13 years after the departure of Labradford, following on from the release of the gorgeous post-rock effort ‘Fixed::Context’, and following on from a string of independent releases under many different names and monikers, members Mark Nelson & Robert Donne team up once again to form their latest project Anjou. Combining their forces with Pan•American’s Steven Hess (A group started by Mark Nelson), the trio have created an incredible listening experience, combining together the analogue, the digital and the live. Those expecting something remotely like Labradford might be disappointed with this effort, but those open to a wholly new and creative project from some of Post-rocks most inventive musicians will find ‘Anjou’ a very special musical experience.
‘Anjou’ certainly departs from the post-rock elements established by Labradford, and even the ambient-post-rock elements pushed forward by Pan•American. Instead, we’re offered an incredible barrage of static and noise that forms the music taking place. At first, it’s a little intimidating and scary, though one can easily surrender to the noise and find themselves at peace. There’s structure and music taking place in each of the tracks, which form incredible soundscapes unlike anything we’ve heard from these incredibly creative musicians. At first, analogue and digital elements take a very firm hold of the album, dominating the experience before giving way to guitars, bass and drums, somewhat hidden behind the layers being created by the band. It results in an incredible listening experience that conjures up a great number of images.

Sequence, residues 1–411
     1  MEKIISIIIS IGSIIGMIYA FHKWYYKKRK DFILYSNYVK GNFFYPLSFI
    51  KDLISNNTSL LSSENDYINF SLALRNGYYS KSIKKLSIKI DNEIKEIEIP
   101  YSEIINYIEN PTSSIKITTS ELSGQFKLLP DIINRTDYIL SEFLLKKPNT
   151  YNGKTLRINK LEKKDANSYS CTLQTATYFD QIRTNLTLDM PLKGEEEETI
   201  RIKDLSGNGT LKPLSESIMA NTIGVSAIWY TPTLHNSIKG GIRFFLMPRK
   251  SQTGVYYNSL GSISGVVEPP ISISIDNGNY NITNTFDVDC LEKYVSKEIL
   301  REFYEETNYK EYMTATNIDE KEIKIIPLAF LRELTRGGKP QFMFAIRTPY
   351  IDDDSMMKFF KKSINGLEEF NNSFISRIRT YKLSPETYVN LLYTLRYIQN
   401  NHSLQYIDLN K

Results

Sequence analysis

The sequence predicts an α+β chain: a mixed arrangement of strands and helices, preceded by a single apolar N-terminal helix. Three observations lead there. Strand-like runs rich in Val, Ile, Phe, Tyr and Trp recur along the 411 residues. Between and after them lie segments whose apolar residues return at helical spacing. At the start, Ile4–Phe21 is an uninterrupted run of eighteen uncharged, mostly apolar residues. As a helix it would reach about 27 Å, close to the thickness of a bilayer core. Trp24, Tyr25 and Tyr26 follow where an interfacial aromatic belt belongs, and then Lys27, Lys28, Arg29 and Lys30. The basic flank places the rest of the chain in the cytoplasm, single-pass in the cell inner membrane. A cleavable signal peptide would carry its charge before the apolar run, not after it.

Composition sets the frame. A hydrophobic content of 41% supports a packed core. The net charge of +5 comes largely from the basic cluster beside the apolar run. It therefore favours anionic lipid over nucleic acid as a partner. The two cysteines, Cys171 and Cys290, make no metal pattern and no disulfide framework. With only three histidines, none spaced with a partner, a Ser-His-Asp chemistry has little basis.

Anjou certainly establish what could be described as inaccessible music from the moment the album begins. There’s an odd element to whats being presented by the band, and it can take a while to get ones head around this new project. Many of the strengths of the album seem somewhat hidden, and a little bit hard to get a hold of when one listens to the album itself. The beauty of the music might not appear so easily, though once it does, it’s easy to get into the music, and understand what Anjou are hoping to create and present with their debut album effort. This isn’t scary and unsettling music, but rather beautiful music for those accepting of the challenging.
There’s a highly challenging element to Anjou’s debut album effort, though it is one that is highly rewarding to those willing to allow the music to simply take a-hold. Nelson, Donne & Hess all put their creative forces together in a wonderfully collaborative way, resulting in something that draws upon their already existing years of collaborative efforts, and pushes forward something new and exciting. It is perhaps a musical experience that is somewhat hard to classify in any specific genre, but this is perhaps one of the points the album is making. It’s not Labradford, and it’s not Pan•American, but it’s equally as creative and equally as exciting, just simply within a different context.
- ★★★★★ 5/5
Anjou’s debut album ‘Anjou’ is out now.